"According to the CDC, autism is the fastest-growing developmental disability (2008). In the US, the prevalence is estimated at 1 in 68 births. Academic libraries need to be aware of this growing population so that we can educate library staff and be prepared to help people who learn and communicate differently. College students with disabilities face inequity when using the academic library, including the physical space, the library website, programming or lack thereof, restrictive loan periods, and resources that aren’t available in formats that they need. Academic libraries must be proactive and learn to recognize and minimize barriers, educate library staff, and improve services by using a universal design approach."


Community Resource Audit: Teen Users– Ashley Householder

"This poster presents the findings from my Community Resource Audit in LIS 601, which focused on teen library users. During my research, I found that teens usually seek information on the following topics: Health, Career Information, Homework Help, Reading Material, News, and General Curiosity. Along with addressing these needs, my presentation will also discuss barriers to teen access, including reasons why they might choose not to seek information. Finally, I will present my "Teen Resource Guide," which was designed to help teens conduct research on each of the aforementioned topics."


Physicians’ Information Needs and Information Seeking– William E. Burchfield, II

"Physicians range in age from their early twenties to their nineties. These same physicians care for people many times, from before their birth until their end of life experiences. Physicians must provide the best possible care to these patients. In order to do this, physicians need information. This poster presentation explores the information needs of physicians as well as the information seeking behavior these physicians follow."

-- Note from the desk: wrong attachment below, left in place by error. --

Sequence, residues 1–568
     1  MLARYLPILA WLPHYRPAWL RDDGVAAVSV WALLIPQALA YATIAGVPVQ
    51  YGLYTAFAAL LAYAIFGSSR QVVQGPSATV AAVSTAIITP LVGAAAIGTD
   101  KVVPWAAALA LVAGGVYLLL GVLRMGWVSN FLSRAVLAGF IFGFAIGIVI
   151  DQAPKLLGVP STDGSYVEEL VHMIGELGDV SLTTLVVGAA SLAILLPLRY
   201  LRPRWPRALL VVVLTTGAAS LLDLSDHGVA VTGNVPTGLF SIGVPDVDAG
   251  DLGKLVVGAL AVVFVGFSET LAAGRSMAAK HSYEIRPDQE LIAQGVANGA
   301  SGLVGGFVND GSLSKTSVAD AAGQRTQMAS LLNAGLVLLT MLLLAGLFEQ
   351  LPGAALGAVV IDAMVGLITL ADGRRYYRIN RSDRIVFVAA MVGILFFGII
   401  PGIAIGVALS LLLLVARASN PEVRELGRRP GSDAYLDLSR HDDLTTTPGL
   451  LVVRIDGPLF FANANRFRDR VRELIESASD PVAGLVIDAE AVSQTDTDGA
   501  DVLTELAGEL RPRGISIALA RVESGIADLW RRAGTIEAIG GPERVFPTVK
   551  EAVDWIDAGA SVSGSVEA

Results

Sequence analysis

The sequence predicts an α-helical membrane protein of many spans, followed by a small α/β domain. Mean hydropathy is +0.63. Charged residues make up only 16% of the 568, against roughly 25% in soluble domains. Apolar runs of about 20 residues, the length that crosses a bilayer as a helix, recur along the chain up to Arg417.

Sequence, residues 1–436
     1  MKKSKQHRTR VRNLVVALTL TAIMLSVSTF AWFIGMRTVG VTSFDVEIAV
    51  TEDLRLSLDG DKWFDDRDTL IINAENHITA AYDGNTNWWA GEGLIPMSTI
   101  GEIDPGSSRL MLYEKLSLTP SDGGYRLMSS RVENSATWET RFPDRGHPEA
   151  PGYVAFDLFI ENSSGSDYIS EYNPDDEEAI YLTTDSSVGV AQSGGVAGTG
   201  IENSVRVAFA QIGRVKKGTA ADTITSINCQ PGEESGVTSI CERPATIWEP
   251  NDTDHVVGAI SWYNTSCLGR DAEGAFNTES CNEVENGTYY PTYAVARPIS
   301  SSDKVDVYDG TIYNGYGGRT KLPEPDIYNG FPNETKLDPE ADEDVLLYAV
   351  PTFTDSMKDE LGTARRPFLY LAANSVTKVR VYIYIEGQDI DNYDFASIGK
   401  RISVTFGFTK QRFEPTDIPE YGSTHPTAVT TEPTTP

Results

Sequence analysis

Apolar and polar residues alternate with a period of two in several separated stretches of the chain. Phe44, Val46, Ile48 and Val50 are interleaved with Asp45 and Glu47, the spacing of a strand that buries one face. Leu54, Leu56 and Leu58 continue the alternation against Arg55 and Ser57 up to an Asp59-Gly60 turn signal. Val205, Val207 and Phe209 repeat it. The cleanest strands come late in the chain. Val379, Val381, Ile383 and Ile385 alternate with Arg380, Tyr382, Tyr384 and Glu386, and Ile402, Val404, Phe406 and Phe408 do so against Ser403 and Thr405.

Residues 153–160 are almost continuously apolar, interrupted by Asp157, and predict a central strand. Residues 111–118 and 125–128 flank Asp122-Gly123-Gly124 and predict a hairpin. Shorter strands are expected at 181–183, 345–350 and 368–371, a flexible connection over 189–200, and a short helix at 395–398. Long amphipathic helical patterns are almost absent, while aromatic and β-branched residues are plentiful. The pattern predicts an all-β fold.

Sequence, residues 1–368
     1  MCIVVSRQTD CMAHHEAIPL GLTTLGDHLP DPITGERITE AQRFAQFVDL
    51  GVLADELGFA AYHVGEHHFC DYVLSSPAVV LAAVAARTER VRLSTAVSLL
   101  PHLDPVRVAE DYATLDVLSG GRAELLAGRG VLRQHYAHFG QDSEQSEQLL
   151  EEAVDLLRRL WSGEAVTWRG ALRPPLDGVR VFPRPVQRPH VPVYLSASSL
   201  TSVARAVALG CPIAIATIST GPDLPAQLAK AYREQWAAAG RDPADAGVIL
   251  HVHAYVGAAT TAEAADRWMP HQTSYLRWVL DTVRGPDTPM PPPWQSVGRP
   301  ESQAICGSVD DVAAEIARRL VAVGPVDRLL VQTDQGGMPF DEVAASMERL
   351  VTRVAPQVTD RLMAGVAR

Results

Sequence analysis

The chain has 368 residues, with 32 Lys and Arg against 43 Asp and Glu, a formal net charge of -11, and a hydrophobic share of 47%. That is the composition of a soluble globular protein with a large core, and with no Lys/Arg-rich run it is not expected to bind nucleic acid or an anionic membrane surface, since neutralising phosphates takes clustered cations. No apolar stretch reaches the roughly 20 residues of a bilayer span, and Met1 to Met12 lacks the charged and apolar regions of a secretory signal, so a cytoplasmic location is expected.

Community Resource Audit of Low-income and Poor Children– Jesse Caldwell

"Poverty is on the rise within the United States. Public Libraries located in large cities and rural communities may be seeing an increase in usage from children who identify as low-income or poor. Using national statistics from the United States and local statistics from Lawrenceburg, Indiana , I will explain how poverty is on the rise within the United States. I will then outline how to discover local poverty statistics and how those statistics can be used to directly engage the low-income and poor population within a library district."


Practicum in a Medical Library– Emily Elkind

"Sharing my work that I have done during my practicum in the St. Joseph Hospital Medical library, including lists of both print and digital resources, and a potential list of helpful resources for the tentative consumer health resources center."


Do You Have a Stapler?

Katie E. Smith, Library Specialist and Lauren Farmer, Graduate Assistant from W.T. Young Reference Services present "Do You Have a Stapler?: Evenings at the Reference Desk."


Congratulations to all of the participants and organizers of this semester's conference.

The Library Science student organizations hold the Student Conference each semester. Students are able to present in-person or over the internet. All students are invited to participate. For more information, contact a Library Science student organization leader (contact information is available here). LISSO has also created a great student guide here.